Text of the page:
The content provides opportunities for students to develop humanities and social sciences understanding through key concepts including significance; continuity and change; place and space; roles, rights and responsibilities; and perspectives and action. These concepts may provide a focus for inquiries and be investigated across sub-strands or within a particular sub-strand context.
The content at this year level is organised into two strands: knowledge and understanding, and inquiry and skills. The knowledge and understanding strand draws from two sub-strands: history and geography. These strands (knowledge and understanding, and inquiry and skills) are interrelated and have been developed to be taught in an integrated way, which may include integrating with content from the sub-strands and from other learning areas, and in ways that are appropriate to specific local contexts. The order and detail in which they are taught are programming decisions.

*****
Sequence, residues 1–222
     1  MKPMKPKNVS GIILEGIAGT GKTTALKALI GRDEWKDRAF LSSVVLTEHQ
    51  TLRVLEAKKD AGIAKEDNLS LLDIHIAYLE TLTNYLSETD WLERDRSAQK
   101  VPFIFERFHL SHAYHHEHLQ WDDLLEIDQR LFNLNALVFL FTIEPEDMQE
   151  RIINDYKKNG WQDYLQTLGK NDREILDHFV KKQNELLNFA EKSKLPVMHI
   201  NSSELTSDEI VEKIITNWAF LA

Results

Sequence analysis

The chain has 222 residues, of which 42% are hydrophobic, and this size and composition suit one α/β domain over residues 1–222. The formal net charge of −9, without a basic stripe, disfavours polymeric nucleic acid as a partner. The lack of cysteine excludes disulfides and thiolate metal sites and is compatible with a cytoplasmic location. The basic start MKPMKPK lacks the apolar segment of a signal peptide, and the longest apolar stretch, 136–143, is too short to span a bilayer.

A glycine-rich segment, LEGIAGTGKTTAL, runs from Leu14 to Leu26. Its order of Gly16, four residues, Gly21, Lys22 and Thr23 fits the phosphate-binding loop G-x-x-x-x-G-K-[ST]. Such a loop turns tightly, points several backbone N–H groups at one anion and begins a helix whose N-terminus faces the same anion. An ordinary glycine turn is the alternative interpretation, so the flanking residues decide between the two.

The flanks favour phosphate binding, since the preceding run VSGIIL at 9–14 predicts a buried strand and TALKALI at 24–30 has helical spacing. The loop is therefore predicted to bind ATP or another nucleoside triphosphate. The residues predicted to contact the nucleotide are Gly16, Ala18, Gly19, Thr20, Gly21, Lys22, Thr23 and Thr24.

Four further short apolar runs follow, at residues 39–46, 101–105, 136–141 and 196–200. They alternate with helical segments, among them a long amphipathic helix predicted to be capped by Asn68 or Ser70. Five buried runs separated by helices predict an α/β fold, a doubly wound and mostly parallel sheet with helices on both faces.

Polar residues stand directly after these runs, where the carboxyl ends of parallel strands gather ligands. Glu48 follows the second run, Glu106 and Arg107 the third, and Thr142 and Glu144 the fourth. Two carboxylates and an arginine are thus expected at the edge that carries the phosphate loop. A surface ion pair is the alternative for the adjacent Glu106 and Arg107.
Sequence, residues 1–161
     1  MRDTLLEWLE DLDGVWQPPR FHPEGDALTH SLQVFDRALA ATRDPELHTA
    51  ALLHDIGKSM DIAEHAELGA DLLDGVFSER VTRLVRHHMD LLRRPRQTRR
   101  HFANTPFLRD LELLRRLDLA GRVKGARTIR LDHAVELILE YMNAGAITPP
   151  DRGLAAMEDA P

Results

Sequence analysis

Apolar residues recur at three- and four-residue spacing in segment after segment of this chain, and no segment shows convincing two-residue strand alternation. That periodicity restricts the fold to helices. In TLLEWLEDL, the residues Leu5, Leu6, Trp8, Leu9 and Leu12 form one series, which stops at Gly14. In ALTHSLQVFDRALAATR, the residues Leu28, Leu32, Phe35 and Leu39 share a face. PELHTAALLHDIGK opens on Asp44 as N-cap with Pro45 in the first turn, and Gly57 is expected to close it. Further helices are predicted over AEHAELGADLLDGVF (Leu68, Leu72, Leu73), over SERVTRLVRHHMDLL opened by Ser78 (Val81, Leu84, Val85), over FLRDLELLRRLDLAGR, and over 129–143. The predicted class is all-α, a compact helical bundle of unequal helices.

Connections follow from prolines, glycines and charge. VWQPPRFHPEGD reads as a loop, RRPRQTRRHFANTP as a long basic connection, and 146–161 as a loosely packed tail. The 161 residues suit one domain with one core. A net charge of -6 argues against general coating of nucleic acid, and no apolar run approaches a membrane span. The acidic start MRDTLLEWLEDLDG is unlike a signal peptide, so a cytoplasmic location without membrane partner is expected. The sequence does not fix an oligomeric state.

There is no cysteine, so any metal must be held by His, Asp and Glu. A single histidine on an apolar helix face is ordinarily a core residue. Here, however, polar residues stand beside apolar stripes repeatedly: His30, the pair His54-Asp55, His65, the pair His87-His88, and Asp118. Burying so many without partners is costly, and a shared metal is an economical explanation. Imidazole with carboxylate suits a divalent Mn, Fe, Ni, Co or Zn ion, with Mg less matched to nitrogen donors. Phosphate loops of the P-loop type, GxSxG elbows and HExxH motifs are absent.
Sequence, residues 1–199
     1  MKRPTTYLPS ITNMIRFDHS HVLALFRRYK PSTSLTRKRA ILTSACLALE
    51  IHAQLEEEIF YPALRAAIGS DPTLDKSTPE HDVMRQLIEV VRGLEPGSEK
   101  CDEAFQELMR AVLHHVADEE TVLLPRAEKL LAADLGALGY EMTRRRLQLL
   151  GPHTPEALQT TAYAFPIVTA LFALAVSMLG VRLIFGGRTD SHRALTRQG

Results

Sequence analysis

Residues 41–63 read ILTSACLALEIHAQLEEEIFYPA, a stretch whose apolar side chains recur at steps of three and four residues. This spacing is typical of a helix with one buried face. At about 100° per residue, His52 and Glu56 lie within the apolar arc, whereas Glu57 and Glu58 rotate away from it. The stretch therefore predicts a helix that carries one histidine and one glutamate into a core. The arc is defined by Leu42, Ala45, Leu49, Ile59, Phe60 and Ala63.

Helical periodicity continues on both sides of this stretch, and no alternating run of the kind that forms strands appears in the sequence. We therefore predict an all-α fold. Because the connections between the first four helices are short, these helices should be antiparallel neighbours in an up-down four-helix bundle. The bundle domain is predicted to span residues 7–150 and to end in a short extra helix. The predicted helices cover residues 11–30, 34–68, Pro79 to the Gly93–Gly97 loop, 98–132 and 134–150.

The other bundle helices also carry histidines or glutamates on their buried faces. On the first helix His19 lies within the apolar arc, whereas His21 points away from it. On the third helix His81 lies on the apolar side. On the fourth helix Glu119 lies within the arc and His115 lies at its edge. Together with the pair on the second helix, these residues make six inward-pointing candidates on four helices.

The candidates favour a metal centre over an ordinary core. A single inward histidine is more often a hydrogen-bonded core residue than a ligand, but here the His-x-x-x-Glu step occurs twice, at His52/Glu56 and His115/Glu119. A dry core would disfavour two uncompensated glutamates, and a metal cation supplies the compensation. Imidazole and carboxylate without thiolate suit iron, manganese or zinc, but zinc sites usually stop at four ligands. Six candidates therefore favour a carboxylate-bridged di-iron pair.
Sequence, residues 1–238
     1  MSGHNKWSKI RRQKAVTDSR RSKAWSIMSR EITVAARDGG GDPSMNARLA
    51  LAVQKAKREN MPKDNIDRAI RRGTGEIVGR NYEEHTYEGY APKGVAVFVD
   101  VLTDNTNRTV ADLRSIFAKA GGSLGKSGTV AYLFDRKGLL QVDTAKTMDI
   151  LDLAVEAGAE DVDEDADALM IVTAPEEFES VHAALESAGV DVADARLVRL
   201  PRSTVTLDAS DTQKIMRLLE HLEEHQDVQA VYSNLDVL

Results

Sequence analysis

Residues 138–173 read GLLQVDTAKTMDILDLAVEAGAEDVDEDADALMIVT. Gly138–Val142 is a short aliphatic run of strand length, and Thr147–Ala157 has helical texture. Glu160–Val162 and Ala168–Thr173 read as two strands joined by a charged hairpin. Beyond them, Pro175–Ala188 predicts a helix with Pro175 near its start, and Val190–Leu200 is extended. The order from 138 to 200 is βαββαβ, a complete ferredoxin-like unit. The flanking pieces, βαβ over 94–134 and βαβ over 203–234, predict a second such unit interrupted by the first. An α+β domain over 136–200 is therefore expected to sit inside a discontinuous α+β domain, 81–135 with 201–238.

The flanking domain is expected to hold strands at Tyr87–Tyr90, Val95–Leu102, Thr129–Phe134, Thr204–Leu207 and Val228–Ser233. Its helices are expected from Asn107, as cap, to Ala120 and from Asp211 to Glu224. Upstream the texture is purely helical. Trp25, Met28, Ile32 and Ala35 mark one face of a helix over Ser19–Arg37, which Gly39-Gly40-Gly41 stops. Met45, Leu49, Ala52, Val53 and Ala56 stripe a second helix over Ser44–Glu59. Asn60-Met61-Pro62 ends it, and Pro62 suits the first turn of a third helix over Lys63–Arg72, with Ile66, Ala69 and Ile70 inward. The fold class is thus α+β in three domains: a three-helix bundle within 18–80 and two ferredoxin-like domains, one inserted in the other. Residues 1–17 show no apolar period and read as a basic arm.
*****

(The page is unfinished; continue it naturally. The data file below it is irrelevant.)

A framework for developing students’ knowledge, understanding and skills is provided by inquiry questions. The following inquiry questions allow for connections to be made across the sub-strands and may be used or adapted to suit local contexts: inquiry questions are also provided for each sub-strand that may enable connections within the humanities and social sciences learning area or across other learning areas.
- How has family life and the place we live in changed over time?
- What events, activities and places do I care about? Why?
Year 1 Content Descriptions
Evaluating and reflecting
Concepts for developing understanding